should be treated as a non-tip structure.
Payment Method
1. We can determine payment method positively by searching for
certain strings in the receipt.
2. A receipt will be treated as a credit card receipt if we can identify
one of the following strings:
MASTERCARD, MC, VISA, AMEX, CREDIT
3. A receipt will be treated as a credit card receipt if we can find
evidence for an expiration date field by identifying one of the following
strings:
EXP, EXP DATE
4. A receipt will be treated as a credit card receipt if we can find
evidence of a credit card account number in one of the following formats:
XXXXXXXXXXXX1234, 1234 1234 1234 1234, XXXX XXXX XXXX
1234
5. A receipt will be treated as a cash receipt if we can find the string
‘CASH’ in the lower third of the receipt.
6. If none of the above rules can be successfully applied and the
receipt is yellow, we will treat it as a credit card receipt.
7. If none of the above rules can be successfully applied and the
receipt is white, we will treat the receipt as a cash receipt.
Total Amount (Tip Receipts)
1. We will first attempt to find a total amount by searching for tip
receipt total identifier strings in the lower half of the receipt. The dollar
amount immediately following these strings will be treated as the subtotal,
and either a flat 15% rate or a configurable tip function will be applied to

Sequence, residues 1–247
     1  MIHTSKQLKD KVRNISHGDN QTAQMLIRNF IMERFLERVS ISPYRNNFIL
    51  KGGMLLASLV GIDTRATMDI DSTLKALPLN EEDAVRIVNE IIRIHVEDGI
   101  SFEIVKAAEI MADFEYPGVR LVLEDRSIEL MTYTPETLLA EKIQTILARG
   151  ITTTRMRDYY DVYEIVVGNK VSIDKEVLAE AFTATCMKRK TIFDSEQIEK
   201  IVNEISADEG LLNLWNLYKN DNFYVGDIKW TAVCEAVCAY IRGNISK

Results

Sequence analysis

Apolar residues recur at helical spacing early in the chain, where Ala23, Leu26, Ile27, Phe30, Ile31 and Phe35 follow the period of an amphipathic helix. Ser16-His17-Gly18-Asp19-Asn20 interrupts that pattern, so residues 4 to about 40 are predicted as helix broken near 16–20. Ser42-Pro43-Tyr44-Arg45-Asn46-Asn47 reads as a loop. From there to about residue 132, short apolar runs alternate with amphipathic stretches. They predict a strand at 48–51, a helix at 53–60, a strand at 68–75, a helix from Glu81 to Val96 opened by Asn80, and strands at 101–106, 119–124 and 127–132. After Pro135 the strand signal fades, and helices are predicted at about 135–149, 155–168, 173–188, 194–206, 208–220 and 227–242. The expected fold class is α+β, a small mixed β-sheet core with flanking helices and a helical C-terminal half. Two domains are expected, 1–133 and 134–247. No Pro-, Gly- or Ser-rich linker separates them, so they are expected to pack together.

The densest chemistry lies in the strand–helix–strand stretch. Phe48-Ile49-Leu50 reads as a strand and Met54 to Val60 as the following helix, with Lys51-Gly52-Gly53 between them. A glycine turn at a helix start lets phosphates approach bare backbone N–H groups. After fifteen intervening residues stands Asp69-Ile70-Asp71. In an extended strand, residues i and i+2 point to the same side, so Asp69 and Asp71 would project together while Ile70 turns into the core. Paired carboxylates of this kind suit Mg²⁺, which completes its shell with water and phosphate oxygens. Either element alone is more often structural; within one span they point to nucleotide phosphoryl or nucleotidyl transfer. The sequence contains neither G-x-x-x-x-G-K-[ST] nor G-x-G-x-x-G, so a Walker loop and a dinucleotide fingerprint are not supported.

it.
The following strings are valid total identifiers: Subtotal, Base, Amount,
Pre-Tip Amount
2. If we are unable to find a total amount identifier, we can assume
that in a tip structure receipt, the subtotal amount number will be the
highest readable dollar amount on the receipt.
Total Amount (Non-Tip Receipts)
1. We will first look for the total on a non-tip receipt by looking for a
total identifier string and assuming that the number that immediately
follows such a string is the appropriate total amount.
Valid total identifier strings are: Total, Sale Total, Sale
2. If a valid total identifier string cannot be found and the payment
method rules above show that the receipt is a credit card sale, the total
amount will be the highest number on the receipt.
3. If a valid total identifier cannot be found and the receipt is a cash
receipt, then it is necessary to look for a change identifier and change
amount. A change amount immediately follows a change identifier.
Valid change identifiers are: Change, Change Due
4. If the change amount is non-zero, then we will take the second
highest dollar amount on the lower half of the receipt as the total.
5. If the change amount is zero, then we will take the highest dollar
amount on the lower half of the receipt as the total.
6. If the change amount cannot be identified, we will look for a
repeating amount. This we can assume is total and tender in an exact
change situation, and should also be the last two dollar amounts on the
receipt.